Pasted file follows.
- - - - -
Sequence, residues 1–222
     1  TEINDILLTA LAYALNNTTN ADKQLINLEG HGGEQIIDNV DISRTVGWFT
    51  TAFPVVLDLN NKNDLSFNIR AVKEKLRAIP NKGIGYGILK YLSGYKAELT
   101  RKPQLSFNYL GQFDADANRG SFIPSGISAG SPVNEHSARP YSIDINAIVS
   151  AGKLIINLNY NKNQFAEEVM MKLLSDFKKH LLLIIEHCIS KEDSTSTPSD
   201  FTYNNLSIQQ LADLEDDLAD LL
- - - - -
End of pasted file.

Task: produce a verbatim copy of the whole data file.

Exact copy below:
Sequence, residues 1–222
     1  TEINDILLTA LAYALNNTTN ADKQLINLEG HGGEQIIDNV DISRTVGWFT
    51  TAFPVVLDLN NKNDLSFNIR AVKEKLRAIP NKGIGYGILK YLSGYKAELT
   101  RKPQLSFNYL GQFDADANRG SFIPSGISAG SPVNEHSARP YSIDINAIVS
   151  AGKLIINLNY NKNQFAEEVM MKLLSDFKKH LLLIIEHCIS KEDSTSTPSD
   201  FTYNNLSIQQ LADLEDDLAD LL